Airline Stocks Could Remain Depressed Despite Summer Travel Boom

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After enduring a painful slump during the COVID-19 pandemic, the US airline industry was counting on travel this summer to reclaim the long-lost, upward trajectory of its stock prices. Unfortunately, the current macroeconomic environment appears to be putting a damper on those plans.

Surging , higher fuel costs, and risks of a recession are some of the industry’s main headwinds, keeping airline share prices depressed. As a result, the U.S. Global Jets ETF (NYSE:), which includes the largest US airlines, is down 19% this year.

Weakness in the sector’s outlook comes even as ticket sales begin to recover in the face of increased leisure travel demand, primarily due to the end of pandemic-related travel restrictions.

AAL Weekly Chart

American Airlines (NASDAQ:) expects revenue to balloon well above its original expectations this quarter as consumers swarm back to travel following the pandemic. Total revenue will jump by as much as 13% over the same period of 2019. That compares with the carrier’s original outlook for an increase of 6% to 8%.

Delta Air Lines (NYSE:) also expects strong demand with its adjusted total revenue, reaching 100% of 2019 levels.

DAL Weekly Chart

That is a better-than-expected outlook, as the company previously foresaw figures reaching only between 93% and 97% of pre-pandemic activity.

Nevertheless, this robust recovery in sales has failed to propel share prices of both AAL and DAL, which are down 18.2% and 25.9% this year.

What’s overshadowing an otherwise upbeat forecast are fuel costs and a decrease in flying capacity. For Delta, costs for each seat flown a mile—an industry gauge of efficiency—will be up as much as 22% this quarter compared to 2019 levels.

Against this backdrop, analysts don’t expect airline stocks to recover from this slump in the next 12 months as the industry contends with the impact of a cost-of-living crisis, surging oil prices, and COVID-19 lockdowns in China.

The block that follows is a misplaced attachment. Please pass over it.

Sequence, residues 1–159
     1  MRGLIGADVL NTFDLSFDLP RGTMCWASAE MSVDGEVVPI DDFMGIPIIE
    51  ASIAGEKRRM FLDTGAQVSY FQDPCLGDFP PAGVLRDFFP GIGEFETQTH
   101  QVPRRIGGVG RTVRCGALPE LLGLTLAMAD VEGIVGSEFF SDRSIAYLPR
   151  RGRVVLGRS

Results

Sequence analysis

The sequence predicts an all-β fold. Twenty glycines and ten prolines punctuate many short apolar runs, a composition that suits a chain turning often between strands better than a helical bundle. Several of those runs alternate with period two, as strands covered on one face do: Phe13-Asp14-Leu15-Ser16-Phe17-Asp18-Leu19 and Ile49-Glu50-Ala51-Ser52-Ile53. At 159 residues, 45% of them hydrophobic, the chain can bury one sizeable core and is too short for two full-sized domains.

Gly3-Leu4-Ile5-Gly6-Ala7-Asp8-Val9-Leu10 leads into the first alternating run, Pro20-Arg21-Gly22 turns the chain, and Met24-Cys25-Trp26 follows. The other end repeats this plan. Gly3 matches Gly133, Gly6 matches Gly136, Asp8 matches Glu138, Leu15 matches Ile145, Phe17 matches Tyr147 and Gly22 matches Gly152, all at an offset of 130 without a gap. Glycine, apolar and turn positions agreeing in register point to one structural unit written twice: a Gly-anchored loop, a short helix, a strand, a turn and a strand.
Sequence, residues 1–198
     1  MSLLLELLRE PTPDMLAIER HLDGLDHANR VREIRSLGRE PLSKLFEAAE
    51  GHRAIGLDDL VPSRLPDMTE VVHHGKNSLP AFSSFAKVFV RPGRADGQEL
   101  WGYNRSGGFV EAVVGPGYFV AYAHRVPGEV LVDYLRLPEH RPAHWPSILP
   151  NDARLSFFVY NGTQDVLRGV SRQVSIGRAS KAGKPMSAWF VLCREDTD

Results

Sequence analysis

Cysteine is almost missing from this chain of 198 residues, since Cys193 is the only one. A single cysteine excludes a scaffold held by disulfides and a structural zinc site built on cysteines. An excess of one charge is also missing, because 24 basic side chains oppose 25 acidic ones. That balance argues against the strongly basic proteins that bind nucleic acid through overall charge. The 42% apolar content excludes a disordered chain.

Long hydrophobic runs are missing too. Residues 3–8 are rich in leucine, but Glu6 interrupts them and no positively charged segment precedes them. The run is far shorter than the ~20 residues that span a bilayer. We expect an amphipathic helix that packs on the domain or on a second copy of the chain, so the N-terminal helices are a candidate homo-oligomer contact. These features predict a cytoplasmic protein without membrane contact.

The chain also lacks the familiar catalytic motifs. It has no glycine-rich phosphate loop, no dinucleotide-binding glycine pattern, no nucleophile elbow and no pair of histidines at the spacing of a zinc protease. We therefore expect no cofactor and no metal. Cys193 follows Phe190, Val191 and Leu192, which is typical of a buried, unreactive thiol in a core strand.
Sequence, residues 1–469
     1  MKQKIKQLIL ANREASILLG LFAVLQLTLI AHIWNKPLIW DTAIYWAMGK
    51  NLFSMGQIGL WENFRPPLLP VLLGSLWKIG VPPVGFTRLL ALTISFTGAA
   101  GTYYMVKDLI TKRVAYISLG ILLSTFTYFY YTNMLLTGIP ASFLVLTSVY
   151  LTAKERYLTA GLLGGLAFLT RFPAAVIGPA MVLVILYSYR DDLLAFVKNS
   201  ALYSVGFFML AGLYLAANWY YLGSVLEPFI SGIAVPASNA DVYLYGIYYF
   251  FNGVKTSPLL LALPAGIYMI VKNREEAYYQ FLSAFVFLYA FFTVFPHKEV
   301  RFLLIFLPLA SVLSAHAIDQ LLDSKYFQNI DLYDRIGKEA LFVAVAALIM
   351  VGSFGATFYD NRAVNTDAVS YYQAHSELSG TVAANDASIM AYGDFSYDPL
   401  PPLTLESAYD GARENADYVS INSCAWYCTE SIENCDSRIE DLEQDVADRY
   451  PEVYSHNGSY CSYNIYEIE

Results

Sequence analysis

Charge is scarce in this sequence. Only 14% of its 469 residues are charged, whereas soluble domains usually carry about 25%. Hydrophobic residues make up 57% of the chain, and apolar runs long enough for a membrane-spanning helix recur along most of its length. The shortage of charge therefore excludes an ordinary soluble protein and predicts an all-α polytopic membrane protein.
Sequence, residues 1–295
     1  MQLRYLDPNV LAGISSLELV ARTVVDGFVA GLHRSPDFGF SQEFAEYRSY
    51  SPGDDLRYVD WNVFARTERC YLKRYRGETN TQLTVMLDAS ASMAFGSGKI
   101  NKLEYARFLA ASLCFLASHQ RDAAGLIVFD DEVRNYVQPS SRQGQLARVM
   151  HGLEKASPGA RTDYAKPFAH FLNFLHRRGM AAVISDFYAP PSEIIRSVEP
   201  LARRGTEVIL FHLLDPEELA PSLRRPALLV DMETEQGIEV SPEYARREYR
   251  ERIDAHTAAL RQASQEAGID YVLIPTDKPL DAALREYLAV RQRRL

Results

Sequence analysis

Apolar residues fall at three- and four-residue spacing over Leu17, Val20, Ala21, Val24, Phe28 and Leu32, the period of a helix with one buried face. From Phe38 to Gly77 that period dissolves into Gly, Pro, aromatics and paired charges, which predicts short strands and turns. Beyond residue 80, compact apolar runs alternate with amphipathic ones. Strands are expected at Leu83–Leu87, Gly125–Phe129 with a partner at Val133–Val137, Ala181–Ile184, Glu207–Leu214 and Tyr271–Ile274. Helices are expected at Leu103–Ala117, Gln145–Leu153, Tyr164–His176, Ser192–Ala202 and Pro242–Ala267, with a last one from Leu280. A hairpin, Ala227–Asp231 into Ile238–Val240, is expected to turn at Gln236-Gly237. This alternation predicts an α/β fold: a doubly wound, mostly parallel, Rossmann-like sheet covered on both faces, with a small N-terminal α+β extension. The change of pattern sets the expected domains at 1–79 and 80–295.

Analysts at Stifel said they expect a bumper summer for the airline industry followed by a disappointing fall and winter. According to their note, by that time, the pent-up demand unleashed by the removal of coronavirus curbs will have dissipated, and inflation will have settled into the minds and wallets of consumers.

Along with higher costs, there are additional operational hurdles impacting airlines. Almost all US carriers have cut their initial second-quarter capacity plans, with some trimming those metrics into the third quarter, as they’ve struggled to balance surging demand with operational challenges, including shortages of both pilots and workers.

And there’s more: the next stage of growth for airlines, which will depend on the revival of business travel, faces an array of uncertainties, including a potential recession, new COVID variants, and escalating geopolitical risks after the Russian-Ukraine war. In addition, businesses are unlikely to resume staff travel when many employees continue to work remotely, and managers are looking to cut costs.

Bottom Line

Despite a rebound in air travel, we believe that airline stocks are not a compelling play for long-term investors. These carriers face numerous challenges, including higher fuel costs, a global recession, and a cut-throat competitive environment.


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